PPHN Persistent Pulmonary Hypertension of the Newborn

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Pulmonary hypertension of the newborn with right to left shunt occurs in a variety of clinical situations. These include Meconium Aspiration Syndrome, hypoplastic lungs, transient tachypnoea of the newborn, congenital pneumonia and hyaline membrane disease. Secondary disturbances such as polycythaemia and myocardial failure are contributory. There is frequently a history of chronic in utero hypoxia, but some cases remain idiopathic.


  • Pulmonary vasoconstriction is exacerbated by hypoxia, acidosis, and hypercapnia (secondary to changes in pH). Meconium may trigger vasoactive process to exacerbate this.
  • Anatomic abnormality of the pulmonary vascular bed (e.g. pulmonary hypoplasia with pulmonary arteriolar smooth muscle hypertrophy) or chronic in-utero hypotension following chronic intrauterine hypoxia may also play a role.
  • Birth asphyxia with hypoxia, acidosis and shock is clinically associated with increased responsivity of the pulmonary vascular bed.
  • Group B streptococcal sepsis via Strep polysaccharide toxins.
  • Polycythaemia, hyaline membrane disease, hypocalcaemia and hypoglycaemia may contribute similarly.
  • Structural lung abnormalities (e.g. congenital diaphragmatic hernia, CCAM, ...) are frequently associated with PPHN.


  • This is essentially one of exclusion of significant cyanotic congenital heart disease and severe parenchymal lung disease. However, PPHN may coexist with significant parenchymal lung disease.
  • Have a high index of suspicion for the 'at risk' group in a term baby with respiratory distress and cyanosis, particularly if there has been a history of intrauterine hypoxia and meconium exposure or birth asphyxia.


Necessary tests may include

  • chest xray
  • serial arterial blood gases (simultaneous pre- and post-ductal samples may be helpful)
  • full blood count
  • blood cultures
  • blood glucose
  • calcium
  • Echocardiogram.
    This is crucial to exclude cyanotic congenital heart disease (particularly transposition of the great arteries, and totally anomalous pulmonary venous return). In the presence of significant parenchymal lung disease, cardiac assessment is less urgent.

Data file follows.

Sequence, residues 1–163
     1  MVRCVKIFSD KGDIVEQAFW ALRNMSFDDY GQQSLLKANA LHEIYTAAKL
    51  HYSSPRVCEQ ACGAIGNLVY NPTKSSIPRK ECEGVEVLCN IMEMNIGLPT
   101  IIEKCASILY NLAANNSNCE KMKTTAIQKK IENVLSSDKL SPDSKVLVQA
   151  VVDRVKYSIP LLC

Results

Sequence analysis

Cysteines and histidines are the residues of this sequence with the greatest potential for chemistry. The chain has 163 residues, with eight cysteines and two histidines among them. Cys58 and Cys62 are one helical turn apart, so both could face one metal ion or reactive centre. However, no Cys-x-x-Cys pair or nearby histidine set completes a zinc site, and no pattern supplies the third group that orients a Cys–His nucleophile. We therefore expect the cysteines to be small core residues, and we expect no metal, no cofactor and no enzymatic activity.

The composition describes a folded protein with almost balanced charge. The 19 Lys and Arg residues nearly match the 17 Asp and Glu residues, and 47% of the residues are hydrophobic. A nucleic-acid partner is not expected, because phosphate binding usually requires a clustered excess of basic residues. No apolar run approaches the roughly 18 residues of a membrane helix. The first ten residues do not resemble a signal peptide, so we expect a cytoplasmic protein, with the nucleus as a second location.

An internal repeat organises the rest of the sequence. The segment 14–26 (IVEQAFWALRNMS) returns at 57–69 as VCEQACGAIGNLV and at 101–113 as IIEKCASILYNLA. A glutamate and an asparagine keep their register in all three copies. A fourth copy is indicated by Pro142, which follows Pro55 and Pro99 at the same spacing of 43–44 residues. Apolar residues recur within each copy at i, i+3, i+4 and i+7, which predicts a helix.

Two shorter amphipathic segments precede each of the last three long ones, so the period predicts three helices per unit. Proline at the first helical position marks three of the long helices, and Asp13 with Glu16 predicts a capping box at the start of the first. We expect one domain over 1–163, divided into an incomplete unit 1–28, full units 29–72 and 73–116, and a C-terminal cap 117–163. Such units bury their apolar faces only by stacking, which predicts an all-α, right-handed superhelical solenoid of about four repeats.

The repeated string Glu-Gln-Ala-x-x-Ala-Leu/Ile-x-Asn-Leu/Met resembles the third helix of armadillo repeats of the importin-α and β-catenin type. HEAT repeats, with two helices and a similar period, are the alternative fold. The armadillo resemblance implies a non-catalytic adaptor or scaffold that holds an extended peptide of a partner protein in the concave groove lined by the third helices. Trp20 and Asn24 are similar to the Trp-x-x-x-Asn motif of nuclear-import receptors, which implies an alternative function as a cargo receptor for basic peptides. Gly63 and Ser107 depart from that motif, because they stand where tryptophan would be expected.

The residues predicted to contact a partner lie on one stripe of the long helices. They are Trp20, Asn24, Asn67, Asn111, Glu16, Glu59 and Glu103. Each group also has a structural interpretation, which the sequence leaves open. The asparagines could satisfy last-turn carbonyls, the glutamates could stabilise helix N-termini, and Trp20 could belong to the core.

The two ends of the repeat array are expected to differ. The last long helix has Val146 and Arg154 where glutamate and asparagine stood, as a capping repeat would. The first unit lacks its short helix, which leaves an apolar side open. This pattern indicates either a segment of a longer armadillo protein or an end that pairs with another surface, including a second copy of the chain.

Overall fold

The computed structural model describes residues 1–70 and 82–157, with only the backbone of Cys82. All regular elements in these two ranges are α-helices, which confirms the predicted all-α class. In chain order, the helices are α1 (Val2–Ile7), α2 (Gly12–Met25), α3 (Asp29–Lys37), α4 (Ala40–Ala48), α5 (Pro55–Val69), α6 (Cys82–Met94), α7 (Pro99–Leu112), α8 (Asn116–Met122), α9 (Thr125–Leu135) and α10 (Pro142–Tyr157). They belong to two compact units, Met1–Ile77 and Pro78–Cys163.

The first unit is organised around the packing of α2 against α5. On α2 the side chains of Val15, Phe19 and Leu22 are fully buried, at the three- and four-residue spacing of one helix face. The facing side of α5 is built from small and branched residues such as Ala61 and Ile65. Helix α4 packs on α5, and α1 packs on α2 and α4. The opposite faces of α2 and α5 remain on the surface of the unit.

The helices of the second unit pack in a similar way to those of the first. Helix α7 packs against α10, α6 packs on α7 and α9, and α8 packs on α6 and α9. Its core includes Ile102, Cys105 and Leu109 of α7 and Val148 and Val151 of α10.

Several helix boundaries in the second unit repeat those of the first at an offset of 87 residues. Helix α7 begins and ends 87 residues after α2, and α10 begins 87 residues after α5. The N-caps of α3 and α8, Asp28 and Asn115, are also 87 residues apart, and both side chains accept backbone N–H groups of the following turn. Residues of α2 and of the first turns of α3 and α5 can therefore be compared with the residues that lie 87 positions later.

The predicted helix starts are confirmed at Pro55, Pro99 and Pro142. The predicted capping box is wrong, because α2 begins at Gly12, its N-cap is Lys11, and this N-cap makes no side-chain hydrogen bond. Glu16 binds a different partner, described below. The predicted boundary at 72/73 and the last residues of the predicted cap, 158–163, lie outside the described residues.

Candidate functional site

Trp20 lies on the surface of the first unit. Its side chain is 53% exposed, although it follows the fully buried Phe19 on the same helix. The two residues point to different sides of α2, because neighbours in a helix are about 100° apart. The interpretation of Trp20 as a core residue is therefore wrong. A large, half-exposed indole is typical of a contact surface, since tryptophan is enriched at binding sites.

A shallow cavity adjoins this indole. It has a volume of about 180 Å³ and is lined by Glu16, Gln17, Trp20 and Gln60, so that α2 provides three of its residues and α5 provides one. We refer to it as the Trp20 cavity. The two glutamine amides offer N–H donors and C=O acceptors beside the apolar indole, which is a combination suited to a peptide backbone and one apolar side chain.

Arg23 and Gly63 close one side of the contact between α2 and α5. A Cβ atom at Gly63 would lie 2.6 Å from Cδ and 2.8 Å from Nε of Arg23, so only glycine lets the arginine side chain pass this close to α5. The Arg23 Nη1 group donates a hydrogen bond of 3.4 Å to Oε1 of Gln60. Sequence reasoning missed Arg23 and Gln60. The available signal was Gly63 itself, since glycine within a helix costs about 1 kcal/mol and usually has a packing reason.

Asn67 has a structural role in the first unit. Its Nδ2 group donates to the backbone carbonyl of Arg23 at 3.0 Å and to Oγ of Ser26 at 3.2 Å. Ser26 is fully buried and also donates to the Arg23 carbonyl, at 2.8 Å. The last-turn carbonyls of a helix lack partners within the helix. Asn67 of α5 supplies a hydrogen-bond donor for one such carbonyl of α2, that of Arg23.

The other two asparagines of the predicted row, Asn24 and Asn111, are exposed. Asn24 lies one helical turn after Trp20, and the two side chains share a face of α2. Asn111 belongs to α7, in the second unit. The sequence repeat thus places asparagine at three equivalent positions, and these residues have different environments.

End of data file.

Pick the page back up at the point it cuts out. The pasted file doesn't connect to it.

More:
Echocardiography is also useful to
    1. assess myocardial function, which is often severely affected
    2. assess the severity of PPHN, and assess responses to treatment.
      • Tricuspid regurgitation - allows indirect measurement of the RV pressure and therefore severity
      • Ductual shunting
      • Shunting through the foramen ovale
  • The hyperoxic test may play a role in diagnosis if 2D echocardiography is not available. However, severe PPHN is likely to produce a similar result to cyanotic CHD.

Aims of Management

  1. Lower pulmonary vascular resistance.
  2. Maintain systemic blood pressure.
  3. Reverse right-to-left shunting.
  4. Improve arteriolar oxygen saturation and oxygen delivery to the tissues.
  5. Minimize barotrauma.

Specific Therapies

1. Oxygen and ventilation

  1. 100% O2
    Always start with 100% oxygen and reduce the FiO2, rather than starting on 25% and increasing. In the short term there is no risk to a term baby using such measures.
  2. Normo-ventilation i.e. pO2 7-12 kpa is acceptable if baby stable
  3. pCO2 5-7 kpa if this can be achieved
  4. Use of HFOV, particularly in combination with inhaled Nitric Oxide, has been shown to reduce the need for ECMO.

2. Normotension

  1. Myocardial function is frequently poor, despite reasonable blood pressures.
  2. Aim to keep the mean arterial pressures above 50mm Hg in term infants
  3. Use volume (initially normal saline) and dopamine -starting with 5-10 mcg/kg/min and/or dobutamine 5-10 mcg/kg/min if systemic pressure raises and pulmonary pressure stays the same, R-L shunt will diminish .
  4. Adrenaline infusions may be indicated if there is severe myocardial dysfunction

3. Avoid polycythaemia

  1. Aim to keep the PCV between 0.40 and 0.45.

4. Alkalosis

  1. Establish the critical pH- preferably 7.45 but may be higher. If there is no dramatic improvement in PaO2 at a pH >7.6, the infant can be deemed to be "pH unresponsive".
  2. Use small boluses of bicarbonate (1-2 mmol/kg) or a continuous infusion (0.5mmol/kg/hour initially). Liberal bicarbonate use may result in hypernatraemia and hypokalaemia.

5. Sedation

  1. Many babies are very unstable.
  2. Consider early use of narcotic infusions.

6. Muscle Relaxation

  1. This may be necessary to gain initial control in very vigorous babies who are not adequately sedated with narcotics and are fighting the ventilator to their detriment.
  2. Use pancuronium 100micrograms/kg/dose PRN preferably for 24 hours or less.

7. Pulmonary vasodilators

  1. Inhaled Nitric Oxide (iNO) is the vasodilator of choice.
    iNO should be started at 20ppm and reduced to 5ppm as able, according to response and to stability.
    Methaemoglobin levels should be monitored (these are measured automatically on blood gases).
    Nitrogen dioxide (NO2) levels should be monitored and kept below 1ppm.
  2. Magnesium Sulfate may be used in refractory cases. The use of MgSO4 is controversial but may be indicated in selected instances.
  3. Prostacyclin may also be used in severe and refractory cases, although it is difficult to obtain and its use is controversial.

8. Hyperventilation

  1. Inducing alkalosis by hyperventilation often creates as many problems as it solves and is best avoided. There can be an improvement in PO2.

10. Weaning

  1. Weaning such babies is invariably difficult. Steps should be taken one at a time and by small increments once lability appears to have stabilized.

11. Ecmo

Prolonged cardio-pulmonary bypass with usual criteria of infants who have an Oxygenation Index of less than 40.